I am definitely going to change the pads and then we'll see if there is any improvement or not, hoping the best.

Thanks again!

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Hello Lorant,

Once you have cleaned  and replaced the brake parts, pump the pedal until it is high. It should take 2 -5 pedal presses. Also if the rear pads and disks have been worked on, operate the parking brake a few times. Also as a warning view the pads and remove them and inspect the inner pad and piston. The reason I mention this, is if the piston when wound back the slots are not horizontal, the caliper won't slide back easily, plus the pin on the rear of the inner brake pad should be with the slot, not on the piston face! This will cause the pad the wear unevenly to one side, and cause the go to one side and affect braking. That's what happened to me. See my post below. 
Now once you have checked the pedal feel with the engine off, and decide if you need to bleed the brakes. If you are happy with the pedal, turn on the engine and then check the pedal again. It should be higher when the servo is working. You car like mine being Valvematic, uses a vacuum pump which you can hear making a tapping sound at idle. If the brake pedal didn't kick up, and you need a lot of force, the vacuum system to the servo is your next item to check! Let's hope you don't need to go that far. 👍
 

 

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If the OP is saying there are two different brands of pads on the front axle then that's very odd because pads are only ever sold as complete sets.  Somebody has being messing about with the brakes. If it were my car I would replace front discs and pads and re-bleed. Check the slide pins are free and the rubber boots intact.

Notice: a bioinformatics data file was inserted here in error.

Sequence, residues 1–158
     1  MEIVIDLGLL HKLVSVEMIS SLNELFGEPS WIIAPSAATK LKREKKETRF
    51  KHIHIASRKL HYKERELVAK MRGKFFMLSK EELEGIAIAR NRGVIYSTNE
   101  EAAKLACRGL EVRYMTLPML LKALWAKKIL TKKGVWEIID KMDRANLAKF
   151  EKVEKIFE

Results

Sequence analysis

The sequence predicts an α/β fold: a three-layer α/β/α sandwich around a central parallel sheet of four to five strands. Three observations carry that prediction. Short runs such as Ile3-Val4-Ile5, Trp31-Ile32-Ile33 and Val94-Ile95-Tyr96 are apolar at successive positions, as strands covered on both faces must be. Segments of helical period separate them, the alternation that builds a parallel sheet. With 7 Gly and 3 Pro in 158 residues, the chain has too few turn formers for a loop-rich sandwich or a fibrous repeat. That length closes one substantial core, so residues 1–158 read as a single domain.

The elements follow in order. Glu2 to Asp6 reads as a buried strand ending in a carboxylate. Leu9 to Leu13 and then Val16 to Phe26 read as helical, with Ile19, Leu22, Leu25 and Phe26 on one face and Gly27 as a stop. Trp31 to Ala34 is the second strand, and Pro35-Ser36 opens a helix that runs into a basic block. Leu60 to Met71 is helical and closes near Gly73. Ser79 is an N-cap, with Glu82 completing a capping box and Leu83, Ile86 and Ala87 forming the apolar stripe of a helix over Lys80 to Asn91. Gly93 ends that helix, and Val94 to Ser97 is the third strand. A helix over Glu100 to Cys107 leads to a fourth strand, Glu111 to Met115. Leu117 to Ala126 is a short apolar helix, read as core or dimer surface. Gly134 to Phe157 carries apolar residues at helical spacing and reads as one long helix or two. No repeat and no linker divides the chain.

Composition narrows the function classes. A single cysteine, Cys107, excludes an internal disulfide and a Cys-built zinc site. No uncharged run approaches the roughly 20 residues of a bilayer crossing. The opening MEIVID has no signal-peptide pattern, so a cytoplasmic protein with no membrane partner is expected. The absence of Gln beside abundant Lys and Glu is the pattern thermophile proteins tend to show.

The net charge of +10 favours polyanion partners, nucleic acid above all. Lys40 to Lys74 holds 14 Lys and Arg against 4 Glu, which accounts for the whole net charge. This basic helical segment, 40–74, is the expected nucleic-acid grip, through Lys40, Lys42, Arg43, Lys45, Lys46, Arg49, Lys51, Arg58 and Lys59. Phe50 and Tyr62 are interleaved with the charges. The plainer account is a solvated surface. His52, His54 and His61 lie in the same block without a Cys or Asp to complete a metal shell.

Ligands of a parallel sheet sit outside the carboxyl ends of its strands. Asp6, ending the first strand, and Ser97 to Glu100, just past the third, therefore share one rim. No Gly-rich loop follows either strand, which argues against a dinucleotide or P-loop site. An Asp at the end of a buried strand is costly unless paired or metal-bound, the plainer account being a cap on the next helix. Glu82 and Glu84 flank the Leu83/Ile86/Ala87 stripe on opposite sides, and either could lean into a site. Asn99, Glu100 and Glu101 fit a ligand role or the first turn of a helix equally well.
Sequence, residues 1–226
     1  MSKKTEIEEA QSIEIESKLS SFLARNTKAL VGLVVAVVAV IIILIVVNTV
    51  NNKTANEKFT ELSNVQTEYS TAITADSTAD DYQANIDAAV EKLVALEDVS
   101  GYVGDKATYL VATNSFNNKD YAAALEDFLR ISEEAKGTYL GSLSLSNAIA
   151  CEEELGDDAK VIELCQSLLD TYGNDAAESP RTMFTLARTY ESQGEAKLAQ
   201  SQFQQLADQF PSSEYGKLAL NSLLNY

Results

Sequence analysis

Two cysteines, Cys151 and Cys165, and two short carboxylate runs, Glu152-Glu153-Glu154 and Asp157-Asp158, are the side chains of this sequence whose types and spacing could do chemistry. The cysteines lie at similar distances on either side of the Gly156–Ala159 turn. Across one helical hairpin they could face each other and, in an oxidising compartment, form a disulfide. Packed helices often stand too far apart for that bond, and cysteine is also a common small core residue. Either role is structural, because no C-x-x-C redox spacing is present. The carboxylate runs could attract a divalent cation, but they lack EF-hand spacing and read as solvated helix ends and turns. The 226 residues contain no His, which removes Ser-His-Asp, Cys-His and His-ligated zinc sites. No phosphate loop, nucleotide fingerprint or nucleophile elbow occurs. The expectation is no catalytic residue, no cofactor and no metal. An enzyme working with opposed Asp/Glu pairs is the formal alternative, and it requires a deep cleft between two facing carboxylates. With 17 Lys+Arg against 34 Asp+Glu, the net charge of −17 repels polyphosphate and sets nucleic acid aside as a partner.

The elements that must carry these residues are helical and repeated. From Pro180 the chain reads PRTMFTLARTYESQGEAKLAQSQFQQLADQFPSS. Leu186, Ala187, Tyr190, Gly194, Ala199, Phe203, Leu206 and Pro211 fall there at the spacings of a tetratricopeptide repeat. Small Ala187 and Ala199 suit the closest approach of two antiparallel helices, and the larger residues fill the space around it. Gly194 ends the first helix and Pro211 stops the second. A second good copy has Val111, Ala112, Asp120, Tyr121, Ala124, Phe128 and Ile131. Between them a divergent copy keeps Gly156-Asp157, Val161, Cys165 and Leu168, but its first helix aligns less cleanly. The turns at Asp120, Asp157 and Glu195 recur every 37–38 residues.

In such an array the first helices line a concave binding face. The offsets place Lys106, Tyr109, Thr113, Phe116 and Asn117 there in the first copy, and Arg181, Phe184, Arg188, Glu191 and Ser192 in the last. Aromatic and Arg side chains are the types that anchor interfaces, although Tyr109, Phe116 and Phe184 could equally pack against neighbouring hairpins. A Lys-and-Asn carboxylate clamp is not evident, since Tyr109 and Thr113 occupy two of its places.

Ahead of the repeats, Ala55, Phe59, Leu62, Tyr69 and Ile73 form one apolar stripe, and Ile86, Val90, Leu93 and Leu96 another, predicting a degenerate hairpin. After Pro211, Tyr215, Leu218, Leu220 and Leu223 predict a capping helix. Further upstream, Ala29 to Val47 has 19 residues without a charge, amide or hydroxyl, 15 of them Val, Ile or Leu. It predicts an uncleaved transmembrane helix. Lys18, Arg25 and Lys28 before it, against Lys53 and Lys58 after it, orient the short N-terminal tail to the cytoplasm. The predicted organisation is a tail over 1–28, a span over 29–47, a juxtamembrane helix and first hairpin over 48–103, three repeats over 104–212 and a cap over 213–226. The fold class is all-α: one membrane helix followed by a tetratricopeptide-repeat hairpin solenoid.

Any recognised brand would be fine (Bosch, Mintex, Textar etc etc).

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On 2/20/2020 at 2:09 PM, mrfixer said:

If the OP is saying there are two different brands of pads on the front axle then that's very odd because pads are only ever sold as complete sets.  Somebody has being messing about with the brakes. If it were my car I would replace front discs and pads and re-bleed. Check the slide pins are free and the rubber boots intact.

Any recognised brand would be fine (Bosch, Mintex, Textar etc etc).

I am not sure about legal side of maintenance of brakes, but I remember a case where a man killed his children, because he only changed the brakes on one side! That is why brake pads are sold as axle set. I hate that sellers price the disks individually, though all the places I know sell them as axle pairs.     

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Hi

I am going to change my front and rear pads very soon. I am going to purchase Brembo, it seems it has a very good price and quality combo.

I am going to update my previous experiences after changing them

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You are correct, Lorant, Brembo are a quality company.

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Lorant once you have done the pads etc  if it does it still I totally agree with Konrad

My VVTI had horrendous problems with brakes when I bought it.  It couldn't even drive me home.... It continued really as all of the brake components including the pipes and a caliper  were replaced.  Sadly when it comes to calipers there are so many different ones it may have on the 2001 Avensis... 6 actually!  Its better to get new than scrap for them as it has to be the right one.